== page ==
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10.31 - Last time we saw one way to compute the derivative...

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Last time we saw one way to compute the derivative of x x with respect to x . Another method we can apply is logarithmic differentiation: ( d / dx ) ln f ( x ) = f ( x ) / f ( x ) That is, if f ( x ) > 0 on some open interval I , then ln f ( x ) is differentiable with derivative f ( x )/ f ( x ) throughout I . (Proof: apply the chain rule.) The consequence f ( x ) = f ( x ) ( d / dx ) ln f ( x ) is frequently useful. Example: Let f ( x ) = x x (for x > 0). Then ln f ( x ) = x ln x and ( d / dx ) ln f ( x ) = ( x )(1/ x ) + (1)(ln x ) = 1 + ln x so f ( x ) = f ( x ) ( d / dx ) ln f ( x ) = ( x x ) (1 + ln x ) as derived above. Questions? General guideline: when functions involve logs and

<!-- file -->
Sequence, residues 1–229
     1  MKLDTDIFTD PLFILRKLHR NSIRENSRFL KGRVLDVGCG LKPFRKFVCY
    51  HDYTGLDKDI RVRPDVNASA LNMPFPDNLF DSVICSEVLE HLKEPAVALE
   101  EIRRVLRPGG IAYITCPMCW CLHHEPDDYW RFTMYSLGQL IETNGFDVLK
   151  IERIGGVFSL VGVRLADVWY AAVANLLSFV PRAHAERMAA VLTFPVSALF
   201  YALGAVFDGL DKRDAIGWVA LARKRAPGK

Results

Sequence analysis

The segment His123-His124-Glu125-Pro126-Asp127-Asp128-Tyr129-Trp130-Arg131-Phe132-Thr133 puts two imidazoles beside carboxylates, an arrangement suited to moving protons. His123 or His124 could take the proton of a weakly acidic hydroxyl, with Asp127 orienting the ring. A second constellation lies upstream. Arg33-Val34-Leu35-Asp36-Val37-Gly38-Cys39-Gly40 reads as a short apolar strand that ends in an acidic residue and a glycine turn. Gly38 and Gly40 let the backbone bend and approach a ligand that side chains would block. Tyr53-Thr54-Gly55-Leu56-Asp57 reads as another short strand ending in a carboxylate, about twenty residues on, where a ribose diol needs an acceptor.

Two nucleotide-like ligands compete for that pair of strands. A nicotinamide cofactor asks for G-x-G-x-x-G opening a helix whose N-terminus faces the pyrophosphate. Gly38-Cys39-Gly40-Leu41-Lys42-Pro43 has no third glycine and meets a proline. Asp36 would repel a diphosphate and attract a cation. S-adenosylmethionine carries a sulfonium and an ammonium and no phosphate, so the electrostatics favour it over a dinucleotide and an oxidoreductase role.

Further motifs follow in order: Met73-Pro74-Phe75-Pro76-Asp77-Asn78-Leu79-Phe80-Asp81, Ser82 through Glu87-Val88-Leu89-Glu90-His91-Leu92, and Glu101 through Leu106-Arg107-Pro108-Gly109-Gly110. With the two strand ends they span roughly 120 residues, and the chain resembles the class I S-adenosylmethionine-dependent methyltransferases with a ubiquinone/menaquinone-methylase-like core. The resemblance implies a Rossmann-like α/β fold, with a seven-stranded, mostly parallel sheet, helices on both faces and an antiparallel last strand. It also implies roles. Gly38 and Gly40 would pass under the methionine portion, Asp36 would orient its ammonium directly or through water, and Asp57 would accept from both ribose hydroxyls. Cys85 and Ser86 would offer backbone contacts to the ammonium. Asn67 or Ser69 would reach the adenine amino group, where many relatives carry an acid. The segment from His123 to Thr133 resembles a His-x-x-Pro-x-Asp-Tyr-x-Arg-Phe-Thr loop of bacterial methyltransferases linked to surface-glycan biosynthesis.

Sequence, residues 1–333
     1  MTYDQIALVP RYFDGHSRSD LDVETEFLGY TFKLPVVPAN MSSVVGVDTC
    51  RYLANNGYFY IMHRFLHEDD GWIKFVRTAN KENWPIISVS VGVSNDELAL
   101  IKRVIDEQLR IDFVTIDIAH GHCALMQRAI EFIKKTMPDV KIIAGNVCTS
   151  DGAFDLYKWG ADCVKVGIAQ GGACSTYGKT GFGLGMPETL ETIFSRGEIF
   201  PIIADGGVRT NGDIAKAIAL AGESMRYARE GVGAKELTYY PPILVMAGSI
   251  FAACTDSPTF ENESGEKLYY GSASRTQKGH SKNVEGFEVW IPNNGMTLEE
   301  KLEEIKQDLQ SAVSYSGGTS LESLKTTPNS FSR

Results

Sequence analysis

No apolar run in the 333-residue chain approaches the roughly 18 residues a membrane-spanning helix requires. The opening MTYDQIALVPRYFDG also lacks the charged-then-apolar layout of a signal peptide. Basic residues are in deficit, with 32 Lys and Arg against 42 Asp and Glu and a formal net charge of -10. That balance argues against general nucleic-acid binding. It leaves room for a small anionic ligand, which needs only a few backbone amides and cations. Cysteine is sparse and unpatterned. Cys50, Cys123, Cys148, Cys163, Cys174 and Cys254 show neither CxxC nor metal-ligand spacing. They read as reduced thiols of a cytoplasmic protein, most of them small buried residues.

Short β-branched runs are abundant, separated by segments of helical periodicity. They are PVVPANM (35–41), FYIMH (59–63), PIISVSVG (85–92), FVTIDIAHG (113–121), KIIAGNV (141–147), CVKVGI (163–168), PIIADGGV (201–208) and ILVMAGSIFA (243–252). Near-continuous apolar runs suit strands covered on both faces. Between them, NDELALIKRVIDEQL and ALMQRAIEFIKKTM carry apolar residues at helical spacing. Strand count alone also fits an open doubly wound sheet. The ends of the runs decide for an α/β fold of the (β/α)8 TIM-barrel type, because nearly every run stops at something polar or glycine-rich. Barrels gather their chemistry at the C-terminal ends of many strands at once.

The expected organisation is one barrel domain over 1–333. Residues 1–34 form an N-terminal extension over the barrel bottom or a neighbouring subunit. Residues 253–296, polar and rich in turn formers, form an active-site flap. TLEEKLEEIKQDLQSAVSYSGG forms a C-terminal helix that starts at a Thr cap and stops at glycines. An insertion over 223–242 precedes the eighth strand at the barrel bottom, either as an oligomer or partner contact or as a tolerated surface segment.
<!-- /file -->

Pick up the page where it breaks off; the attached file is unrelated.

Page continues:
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exponentials, simplify algebraically before you differentiate; you’ll save yourself lots of trouble! Section 3.4: Exponential growth and decay Let f ( t ) = # of bacteria in a colony at time t (where t is measured in seconds) Bacteria reproduce, so the colony will grow, with f ( t ) > 0 Assume the colony grows, with no bacteria dying Then f ( t ) = rate at which new bacteria are added to the colony It’s reasonable to assume that until the colony starts to run out of resources (food, growing-space), f ( t ) will be proportional to f ( t ). That is, f ( t ) = k f ( t ) for some constant k > 0. Let g ( t ) = # of atoms of plutonium in a sample at time t Plutonium decays, so the sample will shrink, with g ( t ) < 0 g ( t ) = rate at which atoms in the sample decay g ( t ) = k g ( t ) for some constant k > 0.
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